Dickens was the master of guilt: Little Dorrit’s Arthur Clenham is a study in the psychopathology of the guilty man, and so is John Jasper. But it was his own guilt that increasingly haunted Dickens, and the figure of Jasper was a disguised self-portrait. According to his daughter Kate, Dickens was ‘as absorbed in the study of the criminal Jasper, as in the dark and sinister crime that has given the book its title’. That his interest was in the criminal rather than the crime is confirmed by Forster, who was told by Dickens that the novel’s second half was to be set in a prison cell where Jasper was writing his confession, as though his ‘wickedness’ had been the action of ‘some other man’.
The Jasper who murdered his nephew, in what was probably an opium-induced fugue, was therefore not the same person as the Jasper who loved his nephew. So in its completed form, The Mystery of Edwin Drood was to have been Dickens’s version of Confessions of an English Opium-Eater.
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But this was not the only De Quincey essay that Dickens had in mind while writing Edwin Drood: the entire novel is, I suggest, a homage to De Quincey. Chapter One begins with Jasper waking up in an opium den on the Ratcliffe Highway in east London in the company of ‘a Chinaman, a Lascar, and a haggard woman’. It is not irrelevant that an aspiring murderer should find himself here, of all places. Today the Ratcliffe Highway is a faceless thoroughfare but in December 1811, two months before Dickens was born, it was the scene of a notorious set of murders in which the inhabitants of two households had their throats cut by a mysterious assailant. A sailor called John Williams was arrested for the crimes but he hanged himself before being brought to trial. ‘The sensation excited by these most ferocious murders’, The Times reported, ‘has become so general, and the curiosity to see the place where they were committed so intense, that Ratcliffe Highway was rendered almost impassable by the throng of spectators.’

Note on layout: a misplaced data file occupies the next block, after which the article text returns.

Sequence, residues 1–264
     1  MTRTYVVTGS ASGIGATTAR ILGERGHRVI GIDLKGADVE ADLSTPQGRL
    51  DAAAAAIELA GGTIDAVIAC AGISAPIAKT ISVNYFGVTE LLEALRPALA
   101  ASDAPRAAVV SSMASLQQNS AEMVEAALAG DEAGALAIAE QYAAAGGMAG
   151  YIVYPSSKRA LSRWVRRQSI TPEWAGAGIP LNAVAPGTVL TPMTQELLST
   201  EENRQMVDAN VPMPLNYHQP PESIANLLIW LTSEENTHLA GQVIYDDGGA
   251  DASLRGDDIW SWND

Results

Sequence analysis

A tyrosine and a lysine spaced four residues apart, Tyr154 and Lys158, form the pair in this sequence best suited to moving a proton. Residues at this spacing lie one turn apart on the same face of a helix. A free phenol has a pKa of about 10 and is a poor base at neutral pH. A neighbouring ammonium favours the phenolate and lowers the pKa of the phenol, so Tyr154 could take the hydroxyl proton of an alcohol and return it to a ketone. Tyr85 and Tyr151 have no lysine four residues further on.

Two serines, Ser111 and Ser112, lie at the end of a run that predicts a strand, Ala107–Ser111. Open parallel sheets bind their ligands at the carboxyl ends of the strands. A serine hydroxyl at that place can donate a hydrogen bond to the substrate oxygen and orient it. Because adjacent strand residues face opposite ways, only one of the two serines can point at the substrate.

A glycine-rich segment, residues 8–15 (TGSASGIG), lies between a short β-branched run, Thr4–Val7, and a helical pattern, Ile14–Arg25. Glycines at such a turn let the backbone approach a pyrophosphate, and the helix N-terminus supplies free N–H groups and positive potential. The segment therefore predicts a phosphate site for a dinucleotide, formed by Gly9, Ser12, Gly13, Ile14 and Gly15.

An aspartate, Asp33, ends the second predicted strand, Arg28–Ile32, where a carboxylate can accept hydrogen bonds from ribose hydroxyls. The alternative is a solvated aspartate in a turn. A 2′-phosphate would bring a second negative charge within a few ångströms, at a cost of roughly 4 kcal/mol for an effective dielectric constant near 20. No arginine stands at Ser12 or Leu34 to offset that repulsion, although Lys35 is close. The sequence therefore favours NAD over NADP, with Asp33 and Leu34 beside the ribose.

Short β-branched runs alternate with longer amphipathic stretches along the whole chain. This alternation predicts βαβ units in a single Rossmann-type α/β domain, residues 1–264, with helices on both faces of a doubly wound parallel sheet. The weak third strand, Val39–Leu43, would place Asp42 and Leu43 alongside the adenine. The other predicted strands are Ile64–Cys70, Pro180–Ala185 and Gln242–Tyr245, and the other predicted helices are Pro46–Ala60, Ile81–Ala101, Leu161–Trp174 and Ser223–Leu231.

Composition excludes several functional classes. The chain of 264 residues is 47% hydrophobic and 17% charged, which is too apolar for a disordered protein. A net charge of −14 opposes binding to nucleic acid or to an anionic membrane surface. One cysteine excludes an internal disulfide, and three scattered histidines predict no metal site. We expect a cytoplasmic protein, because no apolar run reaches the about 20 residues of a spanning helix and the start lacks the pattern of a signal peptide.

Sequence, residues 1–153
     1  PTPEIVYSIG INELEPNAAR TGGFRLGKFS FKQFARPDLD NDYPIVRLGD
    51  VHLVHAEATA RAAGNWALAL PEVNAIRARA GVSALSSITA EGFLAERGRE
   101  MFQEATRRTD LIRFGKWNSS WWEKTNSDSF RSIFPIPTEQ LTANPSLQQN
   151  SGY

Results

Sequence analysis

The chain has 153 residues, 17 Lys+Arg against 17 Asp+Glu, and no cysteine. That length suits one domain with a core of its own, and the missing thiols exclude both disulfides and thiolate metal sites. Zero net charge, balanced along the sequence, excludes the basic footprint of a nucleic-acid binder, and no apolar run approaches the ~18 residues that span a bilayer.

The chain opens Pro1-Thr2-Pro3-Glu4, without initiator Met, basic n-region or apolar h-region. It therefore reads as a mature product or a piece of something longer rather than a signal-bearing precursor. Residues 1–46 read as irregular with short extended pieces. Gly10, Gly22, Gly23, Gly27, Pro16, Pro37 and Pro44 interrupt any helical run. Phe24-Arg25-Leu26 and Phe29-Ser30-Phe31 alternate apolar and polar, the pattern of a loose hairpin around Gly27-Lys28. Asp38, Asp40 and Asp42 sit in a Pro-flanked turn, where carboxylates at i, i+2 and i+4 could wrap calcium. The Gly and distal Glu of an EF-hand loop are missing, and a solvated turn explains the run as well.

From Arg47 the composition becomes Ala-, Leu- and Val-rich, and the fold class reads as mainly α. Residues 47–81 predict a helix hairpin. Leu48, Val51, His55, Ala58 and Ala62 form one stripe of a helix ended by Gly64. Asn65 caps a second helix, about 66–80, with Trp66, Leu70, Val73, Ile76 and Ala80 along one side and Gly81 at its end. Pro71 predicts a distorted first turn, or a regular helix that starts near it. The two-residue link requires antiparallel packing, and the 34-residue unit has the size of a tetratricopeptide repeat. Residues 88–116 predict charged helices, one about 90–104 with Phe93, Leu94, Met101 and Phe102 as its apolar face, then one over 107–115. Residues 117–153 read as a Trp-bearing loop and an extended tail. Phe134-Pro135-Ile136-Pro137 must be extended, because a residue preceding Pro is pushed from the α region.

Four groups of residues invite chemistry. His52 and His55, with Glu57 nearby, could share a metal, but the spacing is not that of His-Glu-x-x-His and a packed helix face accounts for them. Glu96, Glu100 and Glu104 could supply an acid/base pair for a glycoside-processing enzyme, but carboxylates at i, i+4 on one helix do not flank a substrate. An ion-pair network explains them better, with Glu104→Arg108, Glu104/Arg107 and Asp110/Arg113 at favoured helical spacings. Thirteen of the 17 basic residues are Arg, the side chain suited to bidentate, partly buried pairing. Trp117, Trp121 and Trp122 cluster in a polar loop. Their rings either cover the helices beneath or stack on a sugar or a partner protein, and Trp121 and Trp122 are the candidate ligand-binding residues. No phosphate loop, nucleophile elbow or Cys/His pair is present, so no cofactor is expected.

In 1857 De Quincey, whose interests in opium and in Williams continued throughout his life, reconstructed the Ratcliffe Highway murders in a startling postscript to his essay ‘On Murder Considered as One of the Fine Arts’. The Ratcliffe Highway, De Quincey wrote, was a throng of ‘Lascars’ and ‘Chinese’, and the ‘hellkite’ making his way through the crowds in December 1811 was no common murderer; he was an aesthete, a connoisseur and a man of taste – much like Jasper himself. De Quincey’s interest was also in the criminal rather than the crime. ‘There must be raging some great storm of passion – jealousy, ambition, vengeance, hatred – which will create a hell within him,’ he wrote of Williams. ‘And into this hell we are to look.’
In the final scene of Edwin Drood, Dickens takes Jasper back to the Ratcliffe Highway, ‘eastward and still eastward through the stale streets’, where he smokes another pipe. He is now dressed in mourning, and so the haggard woman asks who died. ‘A relative,’ Jasper replies. ‘Died of what, lovey?’ ‘Probably, Death,’ Jasper replies. The next day Dickens, too, was dead, having turned the hell within him into a fine art.